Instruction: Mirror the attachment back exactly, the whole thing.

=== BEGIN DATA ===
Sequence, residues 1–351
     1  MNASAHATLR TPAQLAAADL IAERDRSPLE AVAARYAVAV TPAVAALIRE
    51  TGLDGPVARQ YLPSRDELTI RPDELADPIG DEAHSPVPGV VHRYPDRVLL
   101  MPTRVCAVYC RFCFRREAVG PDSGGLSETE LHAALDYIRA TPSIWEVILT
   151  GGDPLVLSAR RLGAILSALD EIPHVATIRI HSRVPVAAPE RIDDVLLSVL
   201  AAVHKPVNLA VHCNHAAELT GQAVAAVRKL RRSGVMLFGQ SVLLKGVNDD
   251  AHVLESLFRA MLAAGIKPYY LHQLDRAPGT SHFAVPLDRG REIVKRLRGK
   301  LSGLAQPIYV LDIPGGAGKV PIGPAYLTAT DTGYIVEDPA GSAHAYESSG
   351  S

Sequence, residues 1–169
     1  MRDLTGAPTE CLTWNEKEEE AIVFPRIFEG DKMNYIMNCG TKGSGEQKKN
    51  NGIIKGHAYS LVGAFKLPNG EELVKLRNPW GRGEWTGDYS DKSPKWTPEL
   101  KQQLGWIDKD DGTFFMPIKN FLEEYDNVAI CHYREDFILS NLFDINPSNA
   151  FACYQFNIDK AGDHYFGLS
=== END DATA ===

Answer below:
Sequence, residues 1–351
     1  MNASAHATLR TPAQLAAADL IAERDRSPLE AVAARYAVAV TPAVAALIRE
    51  TGLDGPVARQ YLPSRDELTI RPDELADPIG DEAHSPVPGV VHRYPDRVLL
   101  MPTRVCAVYC RFCFRREAVG PDSGGLSETE LHAALDYIRA TPSIWEVILT
   151  GGDPLVLSAR RLGAILSALD EIPHVATIRI HSRVPVAAPE RIDDVLLSVL
   201  AAVHKPVNLA VHCNHAAELT GQAVAAVRKL RRSGVMLFGQ SVLLKGVNDD
   251  AHVLESLFRA MLAAGIKPYY LHQLDRAPGT SHFAVPLDRG REIVKRLRGK
   301  LSGLAQPIYV LDIPGGAGKV PIGPAYLTAT DTGYIVEDPA GSAHAYESSG
   351  S

Sequence, residues 1–169
     1  MRDLTGAPTE CLTWNEKEEE AIVFPRIFEG DKMNYIMNCG TKGSGEQKKN
    51  NGIIKGHAYS LVGAFKLPNG EELVKLRNPW GRGEWTGDYS DKSPKWTPEL
   101  KQQLGWIDKD DGTFFMPIKN FLEEYDNVAI CHYREDFILS NLFDINPSNA
   151  FACYQFNIDK AGDHYFGLS